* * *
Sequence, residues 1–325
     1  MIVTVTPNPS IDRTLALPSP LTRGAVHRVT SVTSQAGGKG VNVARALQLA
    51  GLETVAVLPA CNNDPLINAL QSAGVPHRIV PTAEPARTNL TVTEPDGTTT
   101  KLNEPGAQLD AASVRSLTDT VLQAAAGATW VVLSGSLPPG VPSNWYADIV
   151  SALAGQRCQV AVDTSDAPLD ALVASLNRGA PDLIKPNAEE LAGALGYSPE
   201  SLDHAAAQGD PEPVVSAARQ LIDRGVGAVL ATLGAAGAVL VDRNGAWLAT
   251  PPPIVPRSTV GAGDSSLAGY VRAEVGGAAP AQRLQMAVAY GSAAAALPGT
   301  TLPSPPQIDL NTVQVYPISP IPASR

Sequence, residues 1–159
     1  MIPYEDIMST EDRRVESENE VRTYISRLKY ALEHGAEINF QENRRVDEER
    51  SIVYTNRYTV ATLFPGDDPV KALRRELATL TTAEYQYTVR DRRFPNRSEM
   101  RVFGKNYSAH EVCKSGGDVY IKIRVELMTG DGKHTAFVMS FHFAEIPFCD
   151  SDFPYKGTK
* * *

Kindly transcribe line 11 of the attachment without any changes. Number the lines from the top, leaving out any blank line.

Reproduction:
    51  SIVYTNRYTV ATLFPGDDPV KALRRELATL TTAEYQYTVR DRRFPNRSEM